Heading to an early morning interview with GIMME SHELTER star Vanessa Hudgens on the coldest day in Chicago's recorded history might not have been the smartest thing I've ever done, in retrospect. But somewhere in the back of my head, I kept thinking about an interview I was supposed to do with her about a year ago at SXSW for SPRING BREAKERS (she ended up getting sick and not making it to Austin at all last year), and how desperately I wanted to grill her about working on that film. So before even seeing GIMME SHELTER, I knew I'd want to do the interview, if only to unload a few of my unused SPRING BREAKERS queries.
In the year between the two films being released, I also caught Hudgens do a fun cameo as a Mexican gangster's daugher in MACHETE KILLS and play a cracked-out stripper in THE FROZEN GROUND, co-starring Nicolas Cage and John Cusack. So clearly her Disney HIGH SCHOOL MUSICAL days are behind her. But as she was quick to remind me, her first appearance in a feature film was the controversial Catherine Harwicke film THIRTEEN, and she played an inmate in an insane asylum in SUCKER PUNCH for writer-director Zack Snyder.
In fact, it was the films that seemed aimed at her younger fans that did her the least justice as an actor, works such as BEASTLY and JOURNEY 2: THE MYSTERIOUS ISLAND. But the good news is, she's gotten to the point where taken chances seems to have paid off for her, at least in terms of the chance to expand what casting directors might consider her for, such as the upcoming horror-comedy KITCHEN SINK from director Rob (NATURAL SELECTION) Pickering and starring a cast of comic actors that is slightly too good to be true (check out the cast list if you don't believe me).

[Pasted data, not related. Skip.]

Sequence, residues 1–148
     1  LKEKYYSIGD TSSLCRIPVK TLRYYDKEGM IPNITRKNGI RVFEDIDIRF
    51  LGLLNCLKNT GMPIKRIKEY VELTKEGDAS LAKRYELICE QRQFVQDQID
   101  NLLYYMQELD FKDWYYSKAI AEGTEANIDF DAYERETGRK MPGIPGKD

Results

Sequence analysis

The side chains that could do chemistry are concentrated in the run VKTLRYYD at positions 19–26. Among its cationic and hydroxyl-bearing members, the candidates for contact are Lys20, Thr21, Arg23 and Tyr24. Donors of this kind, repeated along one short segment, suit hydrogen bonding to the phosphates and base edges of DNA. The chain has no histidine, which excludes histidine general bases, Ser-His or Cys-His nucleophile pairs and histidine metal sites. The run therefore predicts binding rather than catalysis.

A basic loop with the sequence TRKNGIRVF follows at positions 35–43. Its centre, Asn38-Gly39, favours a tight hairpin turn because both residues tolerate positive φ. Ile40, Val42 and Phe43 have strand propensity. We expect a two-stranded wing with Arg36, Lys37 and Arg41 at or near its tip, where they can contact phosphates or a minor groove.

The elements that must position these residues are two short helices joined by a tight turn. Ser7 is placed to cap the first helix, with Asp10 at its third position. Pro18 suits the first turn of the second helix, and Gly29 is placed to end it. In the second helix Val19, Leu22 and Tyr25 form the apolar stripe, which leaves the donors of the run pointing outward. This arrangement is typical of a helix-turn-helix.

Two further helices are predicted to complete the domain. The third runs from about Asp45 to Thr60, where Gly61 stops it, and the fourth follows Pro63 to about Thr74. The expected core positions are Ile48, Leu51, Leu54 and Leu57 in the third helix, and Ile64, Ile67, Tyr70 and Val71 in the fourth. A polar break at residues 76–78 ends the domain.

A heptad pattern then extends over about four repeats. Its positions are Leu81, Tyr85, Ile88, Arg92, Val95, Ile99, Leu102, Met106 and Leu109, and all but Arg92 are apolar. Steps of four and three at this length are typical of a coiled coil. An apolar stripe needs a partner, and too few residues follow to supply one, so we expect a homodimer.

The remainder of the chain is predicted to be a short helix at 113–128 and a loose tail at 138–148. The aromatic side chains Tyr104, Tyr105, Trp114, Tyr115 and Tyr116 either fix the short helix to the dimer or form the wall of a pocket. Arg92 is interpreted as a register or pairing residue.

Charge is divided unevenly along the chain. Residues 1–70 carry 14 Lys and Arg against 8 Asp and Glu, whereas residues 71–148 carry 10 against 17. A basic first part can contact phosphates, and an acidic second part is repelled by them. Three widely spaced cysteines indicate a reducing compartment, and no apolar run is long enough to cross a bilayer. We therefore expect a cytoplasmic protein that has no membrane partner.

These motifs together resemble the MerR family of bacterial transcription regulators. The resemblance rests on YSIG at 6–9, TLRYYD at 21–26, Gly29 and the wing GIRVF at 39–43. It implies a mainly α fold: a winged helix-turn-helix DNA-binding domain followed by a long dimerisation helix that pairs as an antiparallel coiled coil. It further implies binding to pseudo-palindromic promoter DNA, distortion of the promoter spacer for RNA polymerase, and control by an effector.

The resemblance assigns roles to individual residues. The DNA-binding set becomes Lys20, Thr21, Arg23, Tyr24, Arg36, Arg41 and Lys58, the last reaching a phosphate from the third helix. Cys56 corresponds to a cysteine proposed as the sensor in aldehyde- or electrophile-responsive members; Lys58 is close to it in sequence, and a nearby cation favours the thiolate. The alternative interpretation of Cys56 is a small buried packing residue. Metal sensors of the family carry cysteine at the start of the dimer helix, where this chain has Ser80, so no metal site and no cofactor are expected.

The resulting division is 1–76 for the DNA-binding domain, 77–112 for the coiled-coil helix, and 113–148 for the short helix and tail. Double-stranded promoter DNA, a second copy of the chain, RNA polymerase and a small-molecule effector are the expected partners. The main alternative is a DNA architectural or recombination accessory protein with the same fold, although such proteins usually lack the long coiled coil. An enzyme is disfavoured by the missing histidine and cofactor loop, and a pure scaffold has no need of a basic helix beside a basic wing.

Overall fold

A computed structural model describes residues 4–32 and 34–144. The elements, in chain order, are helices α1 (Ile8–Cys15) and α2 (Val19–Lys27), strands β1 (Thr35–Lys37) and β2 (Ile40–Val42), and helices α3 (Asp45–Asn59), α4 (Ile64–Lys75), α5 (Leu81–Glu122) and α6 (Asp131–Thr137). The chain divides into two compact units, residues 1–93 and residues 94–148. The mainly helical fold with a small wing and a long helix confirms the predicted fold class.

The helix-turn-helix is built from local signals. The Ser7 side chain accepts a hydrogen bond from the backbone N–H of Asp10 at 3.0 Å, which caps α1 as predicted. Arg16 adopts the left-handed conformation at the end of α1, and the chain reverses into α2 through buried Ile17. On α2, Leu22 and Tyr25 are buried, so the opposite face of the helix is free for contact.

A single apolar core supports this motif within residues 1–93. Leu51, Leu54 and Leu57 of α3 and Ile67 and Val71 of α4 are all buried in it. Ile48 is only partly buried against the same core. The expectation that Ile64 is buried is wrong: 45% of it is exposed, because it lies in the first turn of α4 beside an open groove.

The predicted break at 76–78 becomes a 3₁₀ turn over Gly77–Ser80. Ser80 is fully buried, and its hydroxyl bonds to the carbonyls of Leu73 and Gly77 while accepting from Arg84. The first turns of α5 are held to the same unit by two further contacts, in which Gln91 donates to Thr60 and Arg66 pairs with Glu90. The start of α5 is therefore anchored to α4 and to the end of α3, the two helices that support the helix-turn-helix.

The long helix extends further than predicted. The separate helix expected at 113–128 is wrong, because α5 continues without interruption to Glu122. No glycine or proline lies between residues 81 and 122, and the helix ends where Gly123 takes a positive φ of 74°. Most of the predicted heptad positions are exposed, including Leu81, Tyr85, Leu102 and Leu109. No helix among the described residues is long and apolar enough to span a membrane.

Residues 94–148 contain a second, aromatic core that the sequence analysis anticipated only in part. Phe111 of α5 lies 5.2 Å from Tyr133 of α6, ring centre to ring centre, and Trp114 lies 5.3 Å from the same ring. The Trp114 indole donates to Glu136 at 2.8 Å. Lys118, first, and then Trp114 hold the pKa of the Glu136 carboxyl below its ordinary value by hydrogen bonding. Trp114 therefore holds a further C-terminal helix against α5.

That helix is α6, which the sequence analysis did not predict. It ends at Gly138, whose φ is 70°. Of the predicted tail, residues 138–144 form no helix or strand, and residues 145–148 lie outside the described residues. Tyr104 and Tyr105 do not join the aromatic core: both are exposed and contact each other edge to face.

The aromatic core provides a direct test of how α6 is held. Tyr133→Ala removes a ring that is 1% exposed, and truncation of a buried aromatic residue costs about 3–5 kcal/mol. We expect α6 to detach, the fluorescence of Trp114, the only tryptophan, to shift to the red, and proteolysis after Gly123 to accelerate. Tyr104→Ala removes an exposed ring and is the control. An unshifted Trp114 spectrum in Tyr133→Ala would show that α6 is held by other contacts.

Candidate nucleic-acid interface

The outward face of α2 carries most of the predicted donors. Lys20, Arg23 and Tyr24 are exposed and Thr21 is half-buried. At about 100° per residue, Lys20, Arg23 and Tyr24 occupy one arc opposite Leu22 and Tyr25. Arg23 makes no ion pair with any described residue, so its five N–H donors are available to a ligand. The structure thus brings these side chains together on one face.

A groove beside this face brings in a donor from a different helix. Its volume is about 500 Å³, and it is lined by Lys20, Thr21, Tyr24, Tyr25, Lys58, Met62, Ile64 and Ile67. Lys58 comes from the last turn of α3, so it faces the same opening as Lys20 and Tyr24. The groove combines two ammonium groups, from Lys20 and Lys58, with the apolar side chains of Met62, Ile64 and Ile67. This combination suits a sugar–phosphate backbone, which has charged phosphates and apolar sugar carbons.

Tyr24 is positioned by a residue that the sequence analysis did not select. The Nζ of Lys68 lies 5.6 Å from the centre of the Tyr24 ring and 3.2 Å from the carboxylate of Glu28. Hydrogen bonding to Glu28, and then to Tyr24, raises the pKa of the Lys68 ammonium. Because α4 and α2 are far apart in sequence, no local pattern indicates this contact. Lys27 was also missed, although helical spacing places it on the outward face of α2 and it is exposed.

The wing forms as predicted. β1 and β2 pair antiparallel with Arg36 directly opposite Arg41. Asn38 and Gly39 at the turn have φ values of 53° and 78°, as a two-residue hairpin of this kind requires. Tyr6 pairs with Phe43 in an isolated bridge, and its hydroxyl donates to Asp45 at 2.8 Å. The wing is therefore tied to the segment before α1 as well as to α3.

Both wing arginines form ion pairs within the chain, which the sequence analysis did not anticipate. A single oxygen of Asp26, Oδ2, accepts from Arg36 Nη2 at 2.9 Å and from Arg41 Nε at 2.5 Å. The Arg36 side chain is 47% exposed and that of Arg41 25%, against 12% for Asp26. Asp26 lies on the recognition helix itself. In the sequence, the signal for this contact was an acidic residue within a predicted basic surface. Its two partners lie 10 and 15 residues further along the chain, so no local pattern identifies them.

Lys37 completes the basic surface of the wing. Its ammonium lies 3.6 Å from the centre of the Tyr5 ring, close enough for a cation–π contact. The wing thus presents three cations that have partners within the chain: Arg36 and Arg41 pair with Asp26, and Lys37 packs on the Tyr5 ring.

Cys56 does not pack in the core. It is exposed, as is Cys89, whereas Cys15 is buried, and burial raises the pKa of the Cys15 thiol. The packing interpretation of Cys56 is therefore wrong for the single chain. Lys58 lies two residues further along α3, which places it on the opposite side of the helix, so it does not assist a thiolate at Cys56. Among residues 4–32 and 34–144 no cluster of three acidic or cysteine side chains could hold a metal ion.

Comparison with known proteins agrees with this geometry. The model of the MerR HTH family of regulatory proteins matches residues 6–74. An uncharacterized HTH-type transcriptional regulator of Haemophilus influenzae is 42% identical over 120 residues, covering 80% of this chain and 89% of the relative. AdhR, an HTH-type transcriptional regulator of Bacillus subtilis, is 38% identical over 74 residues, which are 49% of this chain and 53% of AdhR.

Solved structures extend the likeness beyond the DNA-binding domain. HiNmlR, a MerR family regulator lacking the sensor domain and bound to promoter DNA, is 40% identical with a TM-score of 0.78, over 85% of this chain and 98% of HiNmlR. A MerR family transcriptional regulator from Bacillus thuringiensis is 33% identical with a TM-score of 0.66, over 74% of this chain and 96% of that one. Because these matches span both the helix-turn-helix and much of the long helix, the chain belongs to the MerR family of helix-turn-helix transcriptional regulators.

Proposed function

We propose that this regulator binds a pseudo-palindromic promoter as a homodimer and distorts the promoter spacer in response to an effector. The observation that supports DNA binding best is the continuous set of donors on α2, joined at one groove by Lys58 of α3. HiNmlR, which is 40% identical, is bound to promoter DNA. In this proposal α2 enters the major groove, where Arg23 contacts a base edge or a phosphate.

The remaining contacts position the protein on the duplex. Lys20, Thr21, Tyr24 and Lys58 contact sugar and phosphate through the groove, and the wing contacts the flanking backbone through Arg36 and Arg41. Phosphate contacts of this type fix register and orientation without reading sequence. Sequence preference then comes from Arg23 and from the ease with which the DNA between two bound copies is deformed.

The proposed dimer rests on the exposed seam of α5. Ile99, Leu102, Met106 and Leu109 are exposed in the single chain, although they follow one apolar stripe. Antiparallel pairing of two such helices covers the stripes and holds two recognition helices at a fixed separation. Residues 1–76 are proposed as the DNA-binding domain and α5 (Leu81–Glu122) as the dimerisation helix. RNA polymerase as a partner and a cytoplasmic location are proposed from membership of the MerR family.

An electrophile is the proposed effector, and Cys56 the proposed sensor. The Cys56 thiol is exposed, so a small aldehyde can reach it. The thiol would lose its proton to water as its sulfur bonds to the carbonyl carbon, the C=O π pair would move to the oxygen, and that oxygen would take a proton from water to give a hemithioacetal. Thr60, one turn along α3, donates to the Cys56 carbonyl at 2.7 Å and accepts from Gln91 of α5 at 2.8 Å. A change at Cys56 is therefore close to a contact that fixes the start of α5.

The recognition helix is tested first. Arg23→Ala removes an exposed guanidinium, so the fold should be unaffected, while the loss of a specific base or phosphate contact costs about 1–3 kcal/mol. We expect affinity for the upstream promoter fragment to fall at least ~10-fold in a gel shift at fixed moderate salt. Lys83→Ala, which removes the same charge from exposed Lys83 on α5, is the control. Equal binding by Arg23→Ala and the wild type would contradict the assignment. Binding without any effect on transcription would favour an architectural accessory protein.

Still, as excited as I was to talk a bit about SPRING BREAKERS with Hudgens, GIMME SHLETER offers a great deal of food for thought and conversation. In it, an almost unrecognizable Hudgens plays a homeless, pregnant teen named Apple, who escapes her nasty mother (an equally unrecognizable Rosario Dawson) to try and find refuge with a stock broker father she's never known (Brendan Fraser), who doesn't exactly make her feel welcome. As a result, she ends up at a shelter for pregnant teens run by Kathy DiFiore (Ann Dowd), a real-life angel of mercy for New Jersey girls in need. With that stability, Apple and her baby have a fighting chance. It's by far the greatest acting challenge in Hudgens' career, and she pulls it off quite beautifully. Yeah, there was a great deal to talk about and not a lot of time to do so. So please enjoy my chat with Vanessa Hudgens…
Capone: Hello. How are you?
Vanessa Hudgens: Good. Nice to meet you.
Capone: I know the movies you've made lately have been coming out a bit out of order [GIMME SHELTER was shot long before SPRING BREAKERS], but gave you been making a conscious effort to, not distance yourself, but do something completely different than maybe what you're best known for and separating yourself from the Disney background?
VH: It’s funny, because people think I started with Disney, but the first movie I did was called THIRTEEN by Catherine Hardwicke.
Capone: Oh, I remember that, sure.
VH: So if anything, this is the closest thing I’ve done to it since then.
Capone: So you're returning to your roots?
VH: [laughs] Yes and no. I’ve always done what I’ve been attracted to. I’ve listened to my gut. If something seems like I can tackle it and it would be a new adventure for me, then I go for it no matter what it may be.
Capone: What was it about this role in particular that you read in the script and said, “Oh yeah, I can latch on to this part of Apple.”
VH: There were several things. I loved the fact that it was based on a true story. I always find that when it has truth behind it, it just really hits home with anything because your sympathy goes out to that person, and you know those things have actually happened before. So it brings a whole new level of connectedness to the material, I think. Also, the transformation aspect of it I loved. I’ve always considered myself a chameleon, and when I really get to push the boundaries of myself, that’s when I feel the real fun comes out.